'Unfortunately it is we the British public that in the end will pay the price for our Parliament's selfish decisions.'
The Islamic State militant, who has a British accent, adds: 'This British man has to the pay the price for your promise Cameron to arm the Peshmerga against the Islamic State.
'Ironically he has spent a decade of his life serving under the same Royal Air Force that is responsible for delivering those arms. 'Your evil alliance with America which continues to strike the Muslims of Iraq and most recently bombed the Haditha Dam will only accelerate your destruction, and playing the role of the obedient lapdog, Cameron, will only drag you and your people into another bloody and unwinnable war.'
The footage then shows what is believed to be the body of Mr Haines.
Another hostage, believed to be British, is then paraded.
The militant adds: 'If you, Cameron, persist in fighting the Islamic State then you like your master Obama, will have the blood of your people on your hands.'
Before Mr Cameron's apparent confirmation of the murder, the Foreign Office said it was 'working urgently to verify' the video, which was removed from Youtube within minutes.
A spokesman said: 'If true this is another disgusting murder. We are offering the family the family every support possible. They ask to be left alone at this time.'
A statement on Youtube said the video had been removed 'as a violation of YouTube's policy on shocking and disgusting content.'
Labour leader Ed Miliband said: 'I am sickened at the disgusting, barbaric killing of David Haines.
'He was somebody whose only purpose was to help innocent people, themselves victims of conflict.'
'That Isil (IS) would choose to kill him says everything about their warped logic and murderous ways.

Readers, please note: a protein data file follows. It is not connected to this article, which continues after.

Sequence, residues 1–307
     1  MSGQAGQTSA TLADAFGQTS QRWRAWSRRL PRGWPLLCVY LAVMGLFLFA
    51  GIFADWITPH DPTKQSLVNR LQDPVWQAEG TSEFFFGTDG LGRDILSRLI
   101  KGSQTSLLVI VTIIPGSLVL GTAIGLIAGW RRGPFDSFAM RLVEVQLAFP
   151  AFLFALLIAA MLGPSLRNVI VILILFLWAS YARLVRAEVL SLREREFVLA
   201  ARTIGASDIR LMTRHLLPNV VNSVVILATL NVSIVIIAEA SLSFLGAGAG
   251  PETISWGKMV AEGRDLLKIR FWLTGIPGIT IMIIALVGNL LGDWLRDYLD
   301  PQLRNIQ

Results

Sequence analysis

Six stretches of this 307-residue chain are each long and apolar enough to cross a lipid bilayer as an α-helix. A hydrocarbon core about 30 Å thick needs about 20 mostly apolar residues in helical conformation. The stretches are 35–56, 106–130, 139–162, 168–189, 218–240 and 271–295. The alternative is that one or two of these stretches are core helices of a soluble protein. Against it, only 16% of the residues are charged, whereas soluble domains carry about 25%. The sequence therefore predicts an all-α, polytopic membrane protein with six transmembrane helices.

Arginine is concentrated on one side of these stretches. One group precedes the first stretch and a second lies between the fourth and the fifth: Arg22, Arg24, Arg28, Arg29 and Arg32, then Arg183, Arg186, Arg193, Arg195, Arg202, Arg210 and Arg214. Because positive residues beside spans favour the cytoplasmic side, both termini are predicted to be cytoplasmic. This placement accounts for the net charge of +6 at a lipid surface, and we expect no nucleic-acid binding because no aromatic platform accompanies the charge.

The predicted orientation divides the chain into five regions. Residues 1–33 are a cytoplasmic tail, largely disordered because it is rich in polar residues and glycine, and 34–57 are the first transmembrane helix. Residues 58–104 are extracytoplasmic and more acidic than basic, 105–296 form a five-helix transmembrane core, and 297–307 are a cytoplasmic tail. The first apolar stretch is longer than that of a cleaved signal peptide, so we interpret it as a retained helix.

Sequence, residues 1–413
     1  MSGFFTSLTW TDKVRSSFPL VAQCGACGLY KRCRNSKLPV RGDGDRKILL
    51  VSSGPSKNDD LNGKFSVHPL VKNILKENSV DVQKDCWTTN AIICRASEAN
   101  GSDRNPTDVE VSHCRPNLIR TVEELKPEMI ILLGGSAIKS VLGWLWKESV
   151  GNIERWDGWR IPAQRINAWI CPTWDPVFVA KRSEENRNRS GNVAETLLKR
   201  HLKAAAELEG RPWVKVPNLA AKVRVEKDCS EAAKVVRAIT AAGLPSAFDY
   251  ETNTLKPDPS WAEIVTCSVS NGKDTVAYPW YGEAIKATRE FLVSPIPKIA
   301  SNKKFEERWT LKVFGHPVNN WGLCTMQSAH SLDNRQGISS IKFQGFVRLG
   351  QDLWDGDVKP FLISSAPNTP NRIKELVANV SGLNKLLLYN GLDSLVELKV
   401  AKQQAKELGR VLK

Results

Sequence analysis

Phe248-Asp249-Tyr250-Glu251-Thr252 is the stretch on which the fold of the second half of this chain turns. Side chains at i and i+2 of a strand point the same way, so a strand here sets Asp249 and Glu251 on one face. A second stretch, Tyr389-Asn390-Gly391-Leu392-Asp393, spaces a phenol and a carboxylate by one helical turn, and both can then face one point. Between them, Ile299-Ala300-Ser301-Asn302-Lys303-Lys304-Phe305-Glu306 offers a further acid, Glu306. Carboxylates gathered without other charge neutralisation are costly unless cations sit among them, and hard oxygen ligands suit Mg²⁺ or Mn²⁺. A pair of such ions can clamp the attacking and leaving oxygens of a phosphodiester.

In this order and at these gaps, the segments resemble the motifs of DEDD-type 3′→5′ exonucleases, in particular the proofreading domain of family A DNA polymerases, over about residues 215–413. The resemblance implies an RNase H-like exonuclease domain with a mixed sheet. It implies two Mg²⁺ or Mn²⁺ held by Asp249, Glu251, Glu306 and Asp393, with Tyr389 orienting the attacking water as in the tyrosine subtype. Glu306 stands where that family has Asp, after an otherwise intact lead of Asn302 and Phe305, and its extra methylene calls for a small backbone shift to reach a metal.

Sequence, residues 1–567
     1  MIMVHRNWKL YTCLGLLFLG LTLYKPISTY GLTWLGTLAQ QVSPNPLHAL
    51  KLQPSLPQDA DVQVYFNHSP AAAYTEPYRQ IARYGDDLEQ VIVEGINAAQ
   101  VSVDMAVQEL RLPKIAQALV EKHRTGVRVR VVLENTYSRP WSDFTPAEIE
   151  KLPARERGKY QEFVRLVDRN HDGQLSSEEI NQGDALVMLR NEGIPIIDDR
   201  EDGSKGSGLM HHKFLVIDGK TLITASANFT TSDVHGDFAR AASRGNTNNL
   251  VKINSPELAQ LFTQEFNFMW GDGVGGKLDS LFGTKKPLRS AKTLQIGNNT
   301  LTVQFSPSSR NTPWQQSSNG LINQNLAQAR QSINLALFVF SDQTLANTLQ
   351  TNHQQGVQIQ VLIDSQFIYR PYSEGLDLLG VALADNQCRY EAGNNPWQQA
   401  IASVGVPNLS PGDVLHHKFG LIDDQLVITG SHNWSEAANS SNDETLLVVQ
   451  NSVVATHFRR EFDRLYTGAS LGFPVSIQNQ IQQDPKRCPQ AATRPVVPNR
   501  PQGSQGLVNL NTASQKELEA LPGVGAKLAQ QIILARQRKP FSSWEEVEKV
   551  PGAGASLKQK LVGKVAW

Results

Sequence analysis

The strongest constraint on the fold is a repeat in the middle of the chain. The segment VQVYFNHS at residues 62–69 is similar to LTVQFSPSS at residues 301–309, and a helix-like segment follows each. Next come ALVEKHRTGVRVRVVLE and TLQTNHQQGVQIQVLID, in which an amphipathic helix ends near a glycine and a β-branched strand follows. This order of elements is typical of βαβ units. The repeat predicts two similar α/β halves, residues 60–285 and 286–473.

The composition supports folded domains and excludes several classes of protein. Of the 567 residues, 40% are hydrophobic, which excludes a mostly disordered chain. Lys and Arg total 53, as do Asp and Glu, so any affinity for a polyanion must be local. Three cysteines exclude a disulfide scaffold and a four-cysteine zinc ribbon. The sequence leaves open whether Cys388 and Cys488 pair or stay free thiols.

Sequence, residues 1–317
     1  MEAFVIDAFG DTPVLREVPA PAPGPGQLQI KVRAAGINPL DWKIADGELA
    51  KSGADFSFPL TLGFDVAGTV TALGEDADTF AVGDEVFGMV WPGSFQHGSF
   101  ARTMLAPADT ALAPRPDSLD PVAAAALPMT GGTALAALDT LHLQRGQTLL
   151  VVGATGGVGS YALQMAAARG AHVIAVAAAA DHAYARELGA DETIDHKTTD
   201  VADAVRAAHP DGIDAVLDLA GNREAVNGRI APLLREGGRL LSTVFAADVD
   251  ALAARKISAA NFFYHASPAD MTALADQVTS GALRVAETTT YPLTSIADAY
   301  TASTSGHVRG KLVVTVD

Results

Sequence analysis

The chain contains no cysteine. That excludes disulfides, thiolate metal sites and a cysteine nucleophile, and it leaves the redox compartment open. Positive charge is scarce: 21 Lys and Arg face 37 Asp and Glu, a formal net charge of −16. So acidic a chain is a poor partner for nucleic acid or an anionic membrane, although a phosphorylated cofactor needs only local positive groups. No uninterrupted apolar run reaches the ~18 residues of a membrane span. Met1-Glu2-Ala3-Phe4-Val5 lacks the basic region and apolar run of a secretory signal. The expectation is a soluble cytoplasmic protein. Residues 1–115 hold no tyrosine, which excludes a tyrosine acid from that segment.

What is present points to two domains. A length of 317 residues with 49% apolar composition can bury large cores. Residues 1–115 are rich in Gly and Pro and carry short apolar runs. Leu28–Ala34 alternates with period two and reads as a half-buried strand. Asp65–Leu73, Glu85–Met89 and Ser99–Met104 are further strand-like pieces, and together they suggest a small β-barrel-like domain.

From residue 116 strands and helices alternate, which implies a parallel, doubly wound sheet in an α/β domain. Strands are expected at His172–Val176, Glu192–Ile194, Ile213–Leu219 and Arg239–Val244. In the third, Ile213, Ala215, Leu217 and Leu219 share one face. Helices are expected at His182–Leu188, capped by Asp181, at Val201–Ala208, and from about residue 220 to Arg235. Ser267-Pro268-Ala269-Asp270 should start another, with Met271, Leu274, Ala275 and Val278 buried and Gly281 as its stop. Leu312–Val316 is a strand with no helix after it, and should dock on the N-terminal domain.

'Acts like this will not weaken but strengthen the resolve of Britain and the international community to defeat Isil and their ideology. 'My deepest condolences and thoughts are with his family as they cope with this terrible crime. And the hearts of the British people will go out to them.'
Militants from IS have beheaded two American journalists, James Foley and Steven Sotloff, posting the evidence online in gruesome videos featuring a masked jihadist with a British accent. In the video showing Mr Foley's killing, Mr Sotloff was paraded before the camera. Then, in the video which showed the murder of Mr Sotloff, Mr Haines was paraded in the same way.
The latest video was released hours after Mr Haines' family made a direct plea to his captors to contact them.
The Foreign and Commonwealth Office released the statement late on Friday night after saying the extremists had not responded to any such attempts so far.
The Beatles existed in a turbulent time in world history, during the Vietnam War and Civil Rights movement and men wearing their hair long. And they took stands on all of these things.
So, the frustration likely felt by its two surviving members, Paul McCartney and Ringo Starr, at the recent news that Islamic State of Islam and al-Sham (ISIS) jihadists have been given Beatles nicknames based on their accents is completely understandable.
Starr has now spoken up about the misappropriation of their first names, and he isn’t happy.
“It’s bulls**t,” Starr said to the London Evening Standard. “What they are doing out there is against everything The Beatles stood for… If we stood for anything we never stood for that.”
The jihadists, named after the Beatles by news media, came into the news more recently after the beheadings of two American journalists, first James Foley and then Steven Sotloff, which surfaced in videos posted to the Internet.
The member of the group that purportedly killed Foley was known as Jihadi John, with the others given the names Ringo and George due to their British accents. It is also thought that Jihadi John was the executioner in the video of Sotloff’s killing.